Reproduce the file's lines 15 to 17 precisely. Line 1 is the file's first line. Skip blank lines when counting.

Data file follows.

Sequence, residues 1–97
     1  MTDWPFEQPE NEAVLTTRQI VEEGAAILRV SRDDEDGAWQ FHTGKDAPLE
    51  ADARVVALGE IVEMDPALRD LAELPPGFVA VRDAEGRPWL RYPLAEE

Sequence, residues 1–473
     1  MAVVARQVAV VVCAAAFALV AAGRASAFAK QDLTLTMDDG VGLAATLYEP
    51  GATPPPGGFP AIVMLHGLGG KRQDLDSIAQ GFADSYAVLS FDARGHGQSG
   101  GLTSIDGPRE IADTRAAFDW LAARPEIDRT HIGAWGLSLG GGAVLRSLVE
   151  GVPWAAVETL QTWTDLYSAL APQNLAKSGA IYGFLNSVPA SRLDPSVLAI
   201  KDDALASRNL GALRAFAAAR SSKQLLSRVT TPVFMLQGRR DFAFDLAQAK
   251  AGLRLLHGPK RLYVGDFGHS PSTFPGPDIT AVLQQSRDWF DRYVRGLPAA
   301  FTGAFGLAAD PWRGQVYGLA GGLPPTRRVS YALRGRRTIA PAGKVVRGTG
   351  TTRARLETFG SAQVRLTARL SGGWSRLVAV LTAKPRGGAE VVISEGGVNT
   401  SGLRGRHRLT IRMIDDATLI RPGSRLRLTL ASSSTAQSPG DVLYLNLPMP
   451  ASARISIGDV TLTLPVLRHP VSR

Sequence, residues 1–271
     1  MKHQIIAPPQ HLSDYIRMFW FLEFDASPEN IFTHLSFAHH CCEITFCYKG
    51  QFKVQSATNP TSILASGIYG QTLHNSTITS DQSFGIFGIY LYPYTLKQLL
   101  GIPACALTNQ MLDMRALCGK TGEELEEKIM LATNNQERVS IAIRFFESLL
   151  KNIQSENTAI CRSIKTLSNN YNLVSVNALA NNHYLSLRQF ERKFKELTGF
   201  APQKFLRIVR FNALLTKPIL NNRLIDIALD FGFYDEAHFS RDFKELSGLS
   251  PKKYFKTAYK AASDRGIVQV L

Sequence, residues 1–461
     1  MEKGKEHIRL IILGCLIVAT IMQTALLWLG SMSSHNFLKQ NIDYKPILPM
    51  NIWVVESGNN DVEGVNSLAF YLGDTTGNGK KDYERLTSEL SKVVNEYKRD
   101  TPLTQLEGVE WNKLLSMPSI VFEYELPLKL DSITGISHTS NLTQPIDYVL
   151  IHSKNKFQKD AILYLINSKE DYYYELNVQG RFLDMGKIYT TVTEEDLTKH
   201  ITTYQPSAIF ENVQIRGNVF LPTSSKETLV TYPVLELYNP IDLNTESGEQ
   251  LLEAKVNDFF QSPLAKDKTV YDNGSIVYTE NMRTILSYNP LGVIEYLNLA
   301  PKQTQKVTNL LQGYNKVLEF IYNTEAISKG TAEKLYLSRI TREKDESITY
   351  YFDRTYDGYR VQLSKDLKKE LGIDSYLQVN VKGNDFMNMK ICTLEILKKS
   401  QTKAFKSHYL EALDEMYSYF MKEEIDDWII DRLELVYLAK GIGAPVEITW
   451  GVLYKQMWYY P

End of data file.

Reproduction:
Sequence, residues 1–271
     1  MKHQIIAPPQ HLSDYIRMFW FLEFDASPEN IFTHLSFAHH CCEITFCYKG
    51  QFKVQSATNP TSILASGIYG QTLHNSTITS DQSFGIFGIY LYPYTLKQLL